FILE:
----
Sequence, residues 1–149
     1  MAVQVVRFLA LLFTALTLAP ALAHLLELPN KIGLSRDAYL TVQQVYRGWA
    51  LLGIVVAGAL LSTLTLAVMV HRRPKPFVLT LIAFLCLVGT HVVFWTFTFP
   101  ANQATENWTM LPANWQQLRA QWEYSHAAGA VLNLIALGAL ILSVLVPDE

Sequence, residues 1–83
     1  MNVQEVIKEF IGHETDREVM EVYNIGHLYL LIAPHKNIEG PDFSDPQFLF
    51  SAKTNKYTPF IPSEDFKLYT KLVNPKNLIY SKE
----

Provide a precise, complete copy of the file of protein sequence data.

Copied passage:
Sequence, residues 1–149
     1  MAVQVVRFLA LLFTALTLAP ALAHLLELPN KIGLSRDAYL TVQQVYRGWA
    51  LLGIVVAGAL LSTLTLAVMV HRRPKPFVLT LIAFLCLVGT HVVFWTFTFP
   101  ANQATENWTM LPANWQQLRA QWEYSHAAGA VLNLIALGAL ILSVLVPDE

Sequence, residues 1–83
     1  MNVQEVIKEF IGHETDREVM EVYNIGHLYL LIAPHKNIEG PDFSDPQFLF
    51  SAKTNKYTPF IPSEDFKLYT KLVNPKNLIY SKE